According to study, researchers have described the architecture of the nuclear pore complex in yeast cells. The biological blueprint they uncovered shares principles sometimes seen on a much larger scale in concrete, steel, and wire. The gateway to cellular headquarters has 552 components. A new map that shows how all these pieces fit together could help scientists study numerous diseases. The study was published in Nature.

Like an island nation, the nucleus of a cell has a transportation problem. Evolution has enclosed it with a double membrane, the nuclear envelope, which protects DNA but also cuts it off from the rest of the cell. Nature's solution is a massive by molecular standards cylindrical configuration known as the nuclear pore complex, through which imports and exports travel, connecting the bulk of the cell with its headquarters.

"It reminds us of a suspension bridge, in which a combination of study and flexible parts produces a stress-resilient structure," says Michael P. Rout, who led the work together with Brian T. Chait. The pore complex contains 552 component proteins, called nucleoporins, and scientists hadn't previously known how they all fit together.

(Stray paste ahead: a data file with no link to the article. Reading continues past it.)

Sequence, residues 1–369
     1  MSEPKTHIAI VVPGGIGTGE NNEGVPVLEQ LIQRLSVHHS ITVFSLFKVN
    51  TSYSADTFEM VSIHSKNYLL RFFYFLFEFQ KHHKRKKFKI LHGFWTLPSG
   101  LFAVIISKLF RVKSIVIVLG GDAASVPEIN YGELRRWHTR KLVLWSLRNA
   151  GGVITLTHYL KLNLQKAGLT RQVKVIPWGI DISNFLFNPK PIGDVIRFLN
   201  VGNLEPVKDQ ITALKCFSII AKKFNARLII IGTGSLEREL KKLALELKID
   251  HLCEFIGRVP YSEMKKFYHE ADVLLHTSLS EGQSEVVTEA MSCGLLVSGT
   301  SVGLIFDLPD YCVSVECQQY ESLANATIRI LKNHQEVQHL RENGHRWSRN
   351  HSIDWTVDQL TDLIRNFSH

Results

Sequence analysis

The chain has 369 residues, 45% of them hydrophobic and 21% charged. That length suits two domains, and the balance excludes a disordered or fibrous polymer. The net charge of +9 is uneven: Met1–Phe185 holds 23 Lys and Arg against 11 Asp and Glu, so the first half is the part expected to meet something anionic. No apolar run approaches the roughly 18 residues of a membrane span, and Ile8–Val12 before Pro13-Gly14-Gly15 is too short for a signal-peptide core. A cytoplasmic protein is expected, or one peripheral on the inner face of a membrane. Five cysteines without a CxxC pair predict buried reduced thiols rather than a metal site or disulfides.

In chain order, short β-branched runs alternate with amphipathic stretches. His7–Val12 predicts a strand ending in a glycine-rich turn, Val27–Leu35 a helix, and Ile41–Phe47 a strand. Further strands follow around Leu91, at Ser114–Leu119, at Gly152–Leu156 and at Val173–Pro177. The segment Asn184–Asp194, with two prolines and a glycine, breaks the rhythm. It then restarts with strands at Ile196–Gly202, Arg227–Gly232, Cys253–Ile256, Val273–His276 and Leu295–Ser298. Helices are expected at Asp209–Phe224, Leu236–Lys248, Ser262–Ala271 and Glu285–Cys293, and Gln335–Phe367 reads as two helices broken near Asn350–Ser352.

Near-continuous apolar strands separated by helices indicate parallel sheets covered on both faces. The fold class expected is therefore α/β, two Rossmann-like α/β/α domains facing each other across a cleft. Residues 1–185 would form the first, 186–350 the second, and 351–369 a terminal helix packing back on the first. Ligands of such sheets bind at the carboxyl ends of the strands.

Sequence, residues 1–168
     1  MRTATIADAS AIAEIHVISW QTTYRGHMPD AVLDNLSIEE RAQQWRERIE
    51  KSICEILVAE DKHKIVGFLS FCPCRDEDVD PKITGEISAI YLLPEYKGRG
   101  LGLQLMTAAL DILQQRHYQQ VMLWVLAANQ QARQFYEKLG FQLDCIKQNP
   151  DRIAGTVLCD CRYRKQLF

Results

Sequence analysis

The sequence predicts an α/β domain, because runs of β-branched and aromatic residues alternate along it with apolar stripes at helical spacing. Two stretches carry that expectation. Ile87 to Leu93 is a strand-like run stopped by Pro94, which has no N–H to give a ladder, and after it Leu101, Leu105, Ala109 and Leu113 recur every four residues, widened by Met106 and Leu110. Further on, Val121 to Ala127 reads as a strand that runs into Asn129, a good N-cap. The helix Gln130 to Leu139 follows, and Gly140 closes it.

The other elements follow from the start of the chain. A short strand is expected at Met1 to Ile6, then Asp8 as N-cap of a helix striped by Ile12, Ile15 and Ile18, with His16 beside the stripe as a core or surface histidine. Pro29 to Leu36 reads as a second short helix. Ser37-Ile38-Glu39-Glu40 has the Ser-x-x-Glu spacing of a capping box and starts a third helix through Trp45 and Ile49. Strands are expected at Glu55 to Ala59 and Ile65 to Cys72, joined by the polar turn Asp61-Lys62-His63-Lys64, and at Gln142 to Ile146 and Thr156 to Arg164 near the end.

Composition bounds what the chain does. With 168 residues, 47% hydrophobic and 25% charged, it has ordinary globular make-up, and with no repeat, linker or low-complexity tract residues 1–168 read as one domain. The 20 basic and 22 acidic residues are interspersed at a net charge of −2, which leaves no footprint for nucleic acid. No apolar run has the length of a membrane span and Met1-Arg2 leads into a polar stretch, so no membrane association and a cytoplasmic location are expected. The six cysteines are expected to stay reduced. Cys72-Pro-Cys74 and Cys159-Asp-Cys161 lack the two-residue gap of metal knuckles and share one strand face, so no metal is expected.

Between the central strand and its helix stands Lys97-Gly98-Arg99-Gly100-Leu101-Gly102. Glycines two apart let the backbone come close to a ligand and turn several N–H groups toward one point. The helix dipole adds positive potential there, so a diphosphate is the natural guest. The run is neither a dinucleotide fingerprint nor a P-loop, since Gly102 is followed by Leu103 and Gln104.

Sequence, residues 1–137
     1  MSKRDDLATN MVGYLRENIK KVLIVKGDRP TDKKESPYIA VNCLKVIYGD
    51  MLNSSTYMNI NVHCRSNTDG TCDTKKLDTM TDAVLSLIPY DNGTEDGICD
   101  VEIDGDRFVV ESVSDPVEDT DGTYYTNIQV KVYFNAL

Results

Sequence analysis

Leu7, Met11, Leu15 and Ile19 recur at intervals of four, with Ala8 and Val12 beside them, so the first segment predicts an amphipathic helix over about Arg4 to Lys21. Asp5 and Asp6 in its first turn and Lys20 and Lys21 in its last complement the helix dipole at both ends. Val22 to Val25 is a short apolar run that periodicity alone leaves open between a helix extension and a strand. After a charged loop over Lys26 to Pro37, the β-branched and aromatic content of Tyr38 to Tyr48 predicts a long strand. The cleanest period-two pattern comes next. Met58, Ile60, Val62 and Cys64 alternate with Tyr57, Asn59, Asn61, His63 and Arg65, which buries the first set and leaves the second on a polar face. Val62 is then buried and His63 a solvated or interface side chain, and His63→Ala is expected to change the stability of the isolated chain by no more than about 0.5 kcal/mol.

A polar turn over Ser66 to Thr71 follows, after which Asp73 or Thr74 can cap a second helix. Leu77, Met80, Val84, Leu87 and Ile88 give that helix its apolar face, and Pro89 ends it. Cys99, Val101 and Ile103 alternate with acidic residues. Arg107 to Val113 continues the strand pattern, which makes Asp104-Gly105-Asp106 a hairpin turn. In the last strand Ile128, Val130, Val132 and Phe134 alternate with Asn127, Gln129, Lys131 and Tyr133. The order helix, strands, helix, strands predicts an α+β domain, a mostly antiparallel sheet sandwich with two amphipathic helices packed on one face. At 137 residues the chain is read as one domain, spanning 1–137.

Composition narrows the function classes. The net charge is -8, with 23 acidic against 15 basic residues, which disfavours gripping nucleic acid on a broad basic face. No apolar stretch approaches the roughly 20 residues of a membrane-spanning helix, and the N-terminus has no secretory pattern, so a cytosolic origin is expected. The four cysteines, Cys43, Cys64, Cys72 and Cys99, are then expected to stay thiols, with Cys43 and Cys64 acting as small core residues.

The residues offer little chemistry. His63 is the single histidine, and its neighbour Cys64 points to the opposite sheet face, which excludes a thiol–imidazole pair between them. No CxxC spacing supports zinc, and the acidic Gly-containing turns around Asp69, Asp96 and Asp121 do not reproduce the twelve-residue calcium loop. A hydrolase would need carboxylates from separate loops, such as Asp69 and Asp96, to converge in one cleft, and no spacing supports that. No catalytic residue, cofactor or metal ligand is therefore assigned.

It took a combination of approaches to assembling a comprehensive map of these pieces. The researchers hope this new molecular structure will enable new studies of how the nuclear portal functions normally, and how defects in it lead to diseases such as cancer.

The pore complex first emerged when single-celled organisms the only living things at the time acquired special compartments containing organ-like structures, including the nucleus, which houses the cell's genetic code. "In the end, we used everything we could lay our hands on, brought the results together, and integrated them into a single structure," says Chait, who is Rockefeller's Camille and Henry Dreyfus Professor.

A new starting point

When it comes to the pore complex, yeast has a considerable amount in common with us. When the team compared their data with structural findings from human pore complexes, they found similar elements arranged somewhat differently. The resemblance suggests the yeast pore complex could be useful for research relevant to humans.

Defects in the pore complex and its components have been linked to a host of diseases, including autoimmune disorders and cancer; meanwhile, viruses have evolved ways to sneak past it altogether. But the details of these malfunctions and blind spots are often obscure.

The author found they could map sites that are altered in some cancers evidence, they say, that the yeast pore complex can be used to test how factors like stress, drugs, or mutations change the human structure, and so aiding efforts to understand and treat disease.